New York to Cape May, Delaware River C&D canal and the Chesapeake in 36 hours!

Home Wharram World Peace Four New York to Cape May, Delaware River C&D canal and the Chesapeake in 36 hours!
By Anne Clement

Oh what a sweet boat she is. Doing 7 to 10 knots just off the Jersey shore in sparkling sunshine with main and jib on a reach in gusty winds. We COULD raise more sail and maybe impress the three boats just offshore sailing in the same direction (that makes it a race), but we feel mellow and the autohelm is happy and we do not want to arrive in Cape May in the dark. Tides up the Delaware are temptingly fair at dawn, so there is certainly no rush.

The main sail is going up a lot easier with the shaved down gaff. Unfortunately our stack pack arrangements for the sail furling and cover did not work. Yet. Maybe the answer for us old folks might be a fat head fully battened megaroach main and foremain with commercially made stack pack and a mast track. It would not be as pretty as these gaff sails though. Add electric windlass for the main anchor, and we might have no excuses to quit sailing for another many years. So when these sails wear out, we may try that.

We are gaining on the three sailboats offshore... Ha HA! We over took all of them!

The wind was strong and gusty until sunset, and then someone threw a switch and it all stopped. We motored until fresh midnight winds arrived and then we were sailing well until just before dawn. We motored through Cape May at first light and only mixed up the day marks once. Thank goodness for shallow draft!

So now we are motoring up the Delaware in flat water and waiting for the promised 10 to 15 knots of reaching winds. The main is still up, so that is probably causing our delay. If we dropped the main and furled it neatly, then the wind would come immediately when we sat down for a cuppa tea. Right? Wind gremlins see to that sort of thing every time. But the weather is not cold, there are no flies, and we are not particularly bright eyed or bushy tailed after our overnight sail. So lazy motoring is OK for now. Simple scrambled eggs and toast were good for breakfast and I have cruiser stew in the pot when Nev gets the hungries. Oh the sun feels nice on my back... Somebody ought to be catching a few of these fish, but it won't be me today.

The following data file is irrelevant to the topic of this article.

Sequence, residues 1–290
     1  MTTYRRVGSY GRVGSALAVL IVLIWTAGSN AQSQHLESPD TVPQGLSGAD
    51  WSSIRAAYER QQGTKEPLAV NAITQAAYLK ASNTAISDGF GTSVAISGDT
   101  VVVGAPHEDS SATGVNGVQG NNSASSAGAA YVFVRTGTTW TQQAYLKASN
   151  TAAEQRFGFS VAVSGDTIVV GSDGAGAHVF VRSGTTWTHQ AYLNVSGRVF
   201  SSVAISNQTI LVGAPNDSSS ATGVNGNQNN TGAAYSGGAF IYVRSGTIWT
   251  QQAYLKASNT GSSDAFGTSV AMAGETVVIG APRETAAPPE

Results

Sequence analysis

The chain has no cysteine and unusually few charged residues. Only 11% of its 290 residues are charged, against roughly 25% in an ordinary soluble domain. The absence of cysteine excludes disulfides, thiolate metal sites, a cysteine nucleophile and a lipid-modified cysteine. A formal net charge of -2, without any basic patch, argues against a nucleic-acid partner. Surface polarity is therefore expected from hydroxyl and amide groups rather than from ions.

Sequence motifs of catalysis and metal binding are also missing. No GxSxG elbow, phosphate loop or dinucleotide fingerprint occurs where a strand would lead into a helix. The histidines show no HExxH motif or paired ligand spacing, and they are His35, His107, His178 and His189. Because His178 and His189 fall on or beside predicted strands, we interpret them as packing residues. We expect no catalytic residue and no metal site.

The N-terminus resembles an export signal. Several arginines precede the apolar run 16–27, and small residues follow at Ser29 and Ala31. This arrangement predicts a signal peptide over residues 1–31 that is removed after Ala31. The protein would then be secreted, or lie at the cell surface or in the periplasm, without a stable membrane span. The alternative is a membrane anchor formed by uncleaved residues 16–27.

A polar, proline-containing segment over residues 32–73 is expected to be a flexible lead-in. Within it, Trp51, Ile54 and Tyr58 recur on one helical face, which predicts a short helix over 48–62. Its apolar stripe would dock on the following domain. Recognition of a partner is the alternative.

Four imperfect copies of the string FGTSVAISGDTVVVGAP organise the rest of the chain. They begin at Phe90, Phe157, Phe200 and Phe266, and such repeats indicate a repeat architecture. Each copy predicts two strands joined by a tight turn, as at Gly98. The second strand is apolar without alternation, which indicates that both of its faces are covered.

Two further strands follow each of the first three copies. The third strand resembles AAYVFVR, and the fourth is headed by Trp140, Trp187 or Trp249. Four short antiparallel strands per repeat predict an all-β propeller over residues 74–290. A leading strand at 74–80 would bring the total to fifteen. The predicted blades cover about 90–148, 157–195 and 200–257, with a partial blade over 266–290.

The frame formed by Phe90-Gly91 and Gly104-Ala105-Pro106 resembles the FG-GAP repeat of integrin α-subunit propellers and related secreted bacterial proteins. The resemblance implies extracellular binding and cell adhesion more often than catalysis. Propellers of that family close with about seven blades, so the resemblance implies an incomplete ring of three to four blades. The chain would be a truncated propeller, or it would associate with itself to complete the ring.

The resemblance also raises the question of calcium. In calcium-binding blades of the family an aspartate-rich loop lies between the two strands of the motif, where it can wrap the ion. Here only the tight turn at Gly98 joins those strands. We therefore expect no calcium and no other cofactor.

Monarch butterflies are migrating today and their navigation systems are set exctly to a course of 240* magnetic. We have had over 20 fly over our deck in the past few minutes and I checked their flight paths using my hand bearing compass. They do all this with no compass, no GPS, and no paper or electronic charts either. There goes another one, trudging to windward, followed by another, and another, and another. They have an appointment to keep probably thousands of miles away from here and, while some may not make it, plently of the others will arrive on time and ready for whatever butterfly business transpires in that location. And we think WE're clever...

Later. The reaching winds arrived but we decided to keep the engines ticking over also so we would not miss any of this strong moon tide. We did between 7 and 10 knots over the ground and arrived at the Chesapeake and Delaware Canal by 1pm. The tides were just changing fair to go into the Chesapeake, so we could not resist that. There was no sailing into that wind and we had to keep a sharp eye out for logs in the water, but we made it through in time to anchor in the Elk River well before sunset. Conditions are moderating and we sure will sleep tonight. Tomorrow we have a fair wind to Baltimore and Andy has explained where we are to anchor. We will hope to get our Fortress 55 well settled in before the PCA meet begins. And another good night's sleep will be welcome also...

All the best, Ann and Nev

Peace Four

© Anne and Neville Clement, 2005